Breastmilk Collection, Storage, and Freezing
BREASTMILK COLLECTION, STORAGE, AND FREEZING
Many mothers find it convenient or even necessary to collect their breastmilk and store it to be used at a later time. Such is the case for mothers who are returning to work or school or for mothers who may need to be separated from their infants. The guidelines offered below may answer the many questions mothers have about safely storing their breastmilk.
- Wash hands well with soap and water.
- Wash all the collecting bottles and breastpump parts that touch your breasts or the milk. Use hot, soapy water or a dishwasher. Rinse carefully. Air dry on a clean towel. When soap and water are not available use Medela Quick Clean™ products. If your baby is premature or ill, the hospital may ask you to sterilize your pump parts.
- Read the instructions book that comes with your pump and follow the suggestions. Sterilize your pump parts once a day as described.
- Practice pumping when you are rested, relaxed and your breasts feel full. Once a day try to breastfeed your baby only on one side and pump the other breast. Or pump for a few minutes if your baby skips a feeding or breastfeeds for only a short while. Read the Breastmilk Storage chart to learn how to store breastmilk. Be sure to use the right size breastshield so that your nipple fits comfortably. Medela makes different sizes of PersonalFit™ breastshields to fit all nipple sizes, from small to extra large.
- Employed moms can help their baby learn to take a bottle once breastfeeding is going well. It is best to wait for three (3) to four (4) weeks to introduce bottles. If you are having problems breastfeeding, ask for help from a lactation consultant or health care provider.
- Begin to pump to store milk one (1) to two (2) weeks before returning to work. Many employed moms use the fresh milk they pump at work for feedings the next day. They refrigerate Friday’s milk for use on Monday. Save your frozen milk for emergencies.
- Pump three (3) times during an eight (8) hour work shift, or every three (3) hours you are away from your baby. Ten minutes of pumping during breaks and 15 minutes of pumping during lunch with a good pump will help protect your milk supply. If you can’t pump three (3) times, pump as much as you can during each day.
- Breastfeeding in the evening and on days off helps maintain your milk supply and protects your special bond with your baby.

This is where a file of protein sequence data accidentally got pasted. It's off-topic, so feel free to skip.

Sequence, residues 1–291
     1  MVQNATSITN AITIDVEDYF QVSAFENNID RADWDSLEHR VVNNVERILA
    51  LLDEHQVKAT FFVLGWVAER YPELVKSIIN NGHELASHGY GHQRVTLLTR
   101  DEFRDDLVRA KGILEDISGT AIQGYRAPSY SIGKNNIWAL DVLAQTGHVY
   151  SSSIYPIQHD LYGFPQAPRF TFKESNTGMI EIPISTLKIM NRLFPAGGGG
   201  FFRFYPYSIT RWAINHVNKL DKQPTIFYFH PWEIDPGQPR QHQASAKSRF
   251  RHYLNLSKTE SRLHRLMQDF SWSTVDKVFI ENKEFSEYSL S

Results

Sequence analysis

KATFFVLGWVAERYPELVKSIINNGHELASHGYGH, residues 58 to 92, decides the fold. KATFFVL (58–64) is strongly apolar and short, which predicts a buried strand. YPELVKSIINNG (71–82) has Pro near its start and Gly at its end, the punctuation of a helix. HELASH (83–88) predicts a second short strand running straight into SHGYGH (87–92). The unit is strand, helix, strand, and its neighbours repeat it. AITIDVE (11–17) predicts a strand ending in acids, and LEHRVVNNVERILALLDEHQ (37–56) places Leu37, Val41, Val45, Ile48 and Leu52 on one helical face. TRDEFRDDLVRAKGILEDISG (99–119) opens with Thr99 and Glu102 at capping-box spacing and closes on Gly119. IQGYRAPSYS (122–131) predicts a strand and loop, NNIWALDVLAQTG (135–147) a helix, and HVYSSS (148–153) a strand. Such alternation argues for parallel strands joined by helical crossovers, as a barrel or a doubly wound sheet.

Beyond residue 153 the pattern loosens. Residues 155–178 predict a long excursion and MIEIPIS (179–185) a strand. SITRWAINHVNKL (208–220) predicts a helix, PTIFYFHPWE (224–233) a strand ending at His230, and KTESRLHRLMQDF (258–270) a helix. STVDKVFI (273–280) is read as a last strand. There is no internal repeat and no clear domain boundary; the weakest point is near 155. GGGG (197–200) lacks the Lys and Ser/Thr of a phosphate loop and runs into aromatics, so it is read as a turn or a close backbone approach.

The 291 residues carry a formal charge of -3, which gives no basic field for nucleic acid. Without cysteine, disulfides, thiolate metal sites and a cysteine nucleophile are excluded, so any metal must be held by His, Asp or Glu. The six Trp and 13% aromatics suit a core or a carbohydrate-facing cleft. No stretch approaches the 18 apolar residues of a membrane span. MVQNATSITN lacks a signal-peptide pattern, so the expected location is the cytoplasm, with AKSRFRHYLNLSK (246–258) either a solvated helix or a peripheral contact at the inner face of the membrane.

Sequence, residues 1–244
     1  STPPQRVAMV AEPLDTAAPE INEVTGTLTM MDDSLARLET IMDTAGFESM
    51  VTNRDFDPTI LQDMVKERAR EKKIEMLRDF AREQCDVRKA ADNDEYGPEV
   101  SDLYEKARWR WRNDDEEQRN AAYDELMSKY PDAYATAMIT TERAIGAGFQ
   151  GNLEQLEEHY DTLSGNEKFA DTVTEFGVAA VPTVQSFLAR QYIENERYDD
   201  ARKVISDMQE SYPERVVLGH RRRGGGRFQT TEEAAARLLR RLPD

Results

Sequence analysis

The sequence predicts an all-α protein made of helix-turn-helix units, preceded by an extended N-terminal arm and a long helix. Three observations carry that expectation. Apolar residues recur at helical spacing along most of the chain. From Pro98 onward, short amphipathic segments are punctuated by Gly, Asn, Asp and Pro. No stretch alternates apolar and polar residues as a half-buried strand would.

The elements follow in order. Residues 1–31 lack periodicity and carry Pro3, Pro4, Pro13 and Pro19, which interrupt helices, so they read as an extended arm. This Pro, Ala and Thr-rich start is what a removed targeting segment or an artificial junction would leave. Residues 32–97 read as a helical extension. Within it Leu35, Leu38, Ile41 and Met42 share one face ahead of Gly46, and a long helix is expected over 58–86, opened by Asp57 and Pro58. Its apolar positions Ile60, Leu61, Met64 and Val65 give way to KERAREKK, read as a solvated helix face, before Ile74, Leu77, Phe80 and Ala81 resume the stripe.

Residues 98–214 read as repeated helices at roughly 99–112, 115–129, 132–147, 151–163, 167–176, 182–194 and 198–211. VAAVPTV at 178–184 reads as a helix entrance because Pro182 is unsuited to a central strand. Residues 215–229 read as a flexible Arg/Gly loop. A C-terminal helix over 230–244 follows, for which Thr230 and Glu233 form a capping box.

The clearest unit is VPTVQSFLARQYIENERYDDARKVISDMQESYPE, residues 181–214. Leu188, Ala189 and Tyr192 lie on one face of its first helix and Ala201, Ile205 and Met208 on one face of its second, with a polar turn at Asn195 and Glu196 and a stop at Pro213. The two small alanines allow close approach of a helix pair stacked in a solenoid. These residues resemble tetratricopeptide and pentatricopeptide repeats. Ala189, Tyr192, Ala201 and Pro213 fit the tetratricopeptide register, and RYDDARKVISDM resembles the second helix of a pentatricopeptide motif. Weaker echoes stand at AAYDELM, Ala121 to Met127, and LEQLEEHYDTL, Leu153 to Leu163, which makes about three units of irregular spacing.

- It is normal for pumped milk to vary in color, consistency and scent depending on your diet. Stored milk separates into layers. Cream will rise to the top. Gently swirl the warmed bottle to mix the milk layers.
- You can continue to add small amounts of cooled breastmilk to the same refrigerated container throughout the day. Avoid adding warm milk to already cooled milk.
- Pumped milk may be added to frozen milk provided it is first chilled and the quantity is less than what is frozen.
- Store your milk in Medela’s breastmilk collection bottles or in disposable bags specifically designed for breastmilk, such as Pump & Save™ Bags, by Medela.
- Freeze milk in two (2) to five (5) oz portions. Small amounts will thaw more quickly. You will waste less milk this way and will avoid over-feeding. Aqueous liquids expand when frozen. Be sure to leave some extra room at the top of the container so the bottle or bag won’t burst.
- Seal containers tightly. Write the date on a piece of tape on the bag or bottle. Use the oldest milk first.
BREASTMILK ODOR AND TASTE CHANGES
- Causes of breastmilk odor and taste changes
Changes in breastmilk odor and taste can be caused by medications, mother’s diet, smoking and exposure of milk to light or cold temperatures during storage. In most cases, infants do not seem to mind odor/taste changes in breastmilk.
- Odor due to lipase
Some mothers produce milk that, when frozen, develops an off-odor and taste due to a normal breastmilk enzyme called lipase. When thawed, this milk is often described as smelling unpleasant, rancid or soapy. It is safe to use and many infants will accept it. However, some infants may refuse to drink it, either with their first taste or later as they develop taste preferences and volitional (non-reflexive feeding) feeding behaviors.
- Test prior to freezing
Before freezing large amounts of breastmilk, mothers can test their milk for odor and taste changes due to lipase. Collect and freeze 1-2 bags or small containers of breastmilk for at least 5 days. Then evaluate the odor and see if your infant will drink it.
- To eliminate lipase-induced milk changes during freezing
If milk changes smell and taste during test freezing, mothers can scald their fresh milk before they freeze it. Scalding milk after it has been frozen will not correct the odor/taste problem.
- To scald fresh milk:
– Heat it in a pot until tiny bubbles form around the edges of the pan (approximately 180° F).
– Remove the milk from the stove and quickly chill it before freezing.
Scalding milk reduces some of the beneficial components in breastmilk, so whenever possible, give your infant fresh breastmilk.
Mothers of neonatal intensive care (NICU) infants may need to pump and store milk for a long time. We know that in normal home freezers, liploysis increases with longer storage times. However, many NICU freezers store breastmilk at super-cold temperatures of -70° to -80° C. At these temperatures, milk odor and taste changes due to lipolysis do not occur.
Mothers of NICU infants who have lipolysis-induced milk changes during freezing should consult with the NICU lactation consultant about milk storage temperatures in the hospital. Together they can develop a plan for her breastmilk storage while the baby is hospitalized.